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Parallels from the IB fourteen years later

Akua Nyame-Mensah, a Diploma Programme (DP) graduate of American Cooperative School of Tunis in Tunisia, shares how the DP core supported her in pursuing her different interests and building her career as an executive coach.


By Akua Nyame-Mensah

Those of you that are completing the IB programme know all about getting your three-points outside of the main subjects as part of the IB core. I completed my IB diploma at the American Cooperative School of Tunis in Tunisia from 2004 to 2006. It has been over fourteen years since I finished this challenging yet eye-opening program, but I am still benefitting from it and drawing on what I was exposed to.

I knew that after I finished high school, I was going to attend a U.S. university. I did not need to earn the IB diploma to pursue a degree at a university in the United States, but by leveraging my time in the Diploma Programme (DP) I was able to become an even more well-rounded human. Those three points played a big role in that transformation.

Creativity, activity, service (CAS)

“As someone with varied interests, the DP reinforced my curiosity and natural inclination towards learning new things.”

As a student, I was also an athlete and involved in the National Honor Society. I always found time between writing essays for theory of knowledge (TOK), internal assessments (IA)s and my extended essay to pursue my other interests. I built strong processes to stay on top of my many responsibilities inside and outside of school as I played semi-professional football. I currently share many of the productivity and time management behaviors I developed during the programme when working with my clients, such as writing down tasks daily and time blocking based on when you work best. As someone with varied interests, the DP reinforced my curiosity and natural inclination towards learning new things. I currently describe myself, and the clients I tend to attract, as multi-hyphenates, or people that have multiple occupations, passions or interests that they are pursuing. Because of this, I thoroughly enjoyed CAS (creativity, activity (or action back in my time), service.

Theory of knowledge (TOK)

At my school, one of the most disliked (and brain-tasking) classes was TOK, which forced us to challenge our beliefs and the mainstream narrative. Although I once viewed this as a challenge, I find it increasing relevant to my life and my work as an executive coach and strategic advisor. Not only do I use these skills in my coaching sessions, but I also teach and expect its understanding when I work with my clients. All my clients give me permission to ask them challenging questions and hold them accountable to the vision they set for themselves. We work through recognizing how we each have our own perspectives and perceptions of reality. Once we can acknowledge the different intents and expectations, it is easier to take a step back and shift how you approach engaging with others. Utilizing concepts from TOK can be seen as a hard task but doing so will allow you to see and implement alternative viewpoints. At the time, I did not think much of it, but this course completely shifted how I use information to make decisions.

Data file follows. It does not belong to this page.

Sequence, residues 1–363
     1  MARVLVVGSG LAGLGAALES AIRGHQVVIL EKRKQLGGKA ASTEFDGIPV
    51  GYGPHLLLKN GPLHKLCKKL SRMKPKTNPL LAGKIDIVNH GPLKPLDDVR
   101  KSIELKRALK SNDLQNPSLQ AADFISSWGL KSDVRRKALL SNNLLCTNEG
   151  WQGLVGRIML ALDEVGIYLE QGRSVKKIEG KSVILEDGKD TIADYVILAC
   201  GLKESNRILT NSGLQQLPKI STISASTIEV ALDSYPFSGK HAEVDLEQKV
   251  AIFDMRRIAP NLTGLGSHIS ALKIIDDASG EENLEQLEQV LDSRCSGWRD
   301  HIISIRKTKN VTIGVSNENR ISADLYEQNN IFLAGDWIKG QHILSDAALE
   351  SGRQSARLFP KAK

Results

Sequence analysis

The extended essay (EE)

“The IB programme is not just something you tick off and say you are done with, it will transform the way you think about life and academics”

During the DP, I thought the programme was asking a lot of me, but I am grateful that I was pushed to choose classes in domains that I did not consider myself strong in and that I had an outlet to really focus on my interests in my extended essay. I loved my essay and the research process I went through to write (funny enough) about the positive impact a single powerful leader can have on development.

Looking back, I know it was a privilege to have access to a school with amazing teachers who not only could teach the IB curriculum but also who believed in the philosophy behind the programme. Similar to what we say in coaching, the IB programme is not just something you tick off and say you are done with, it will transform the way you think about life and academics while also forcing you out of your comfort zone. Ultimately, (and we honestly used to joke about this when I was in high school), just like coaching, it is a way of life.

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Akua Nyame-Mensah is a certified executive coach, facilitator, strategic advisor and entrepreneur with over 7 years of experience in diverse sectors such as technology, real estate, agriculture and international development. She has an MBA from the ALU School of Business (Africa Leadership University), a Master’s in City Planning from the University of Pennsylvania and a Bachelor in Growth and Structure of Cities from Bryn Mawr College. She graduated with an IB diploma from the American Cooperative School of Tunis in 2006. Her favorite thing to do is help tech-enabled leaders focus and connect to scale.

To hear more from Diploma Programme (DP) graduates check out these IB programme stories. If you are an IB grad and want to share your story, write to us at [email protected]We appreciate your support in sharing IB stories and invite you to connect with us on LinkedIn, Twitter and now Instagram!

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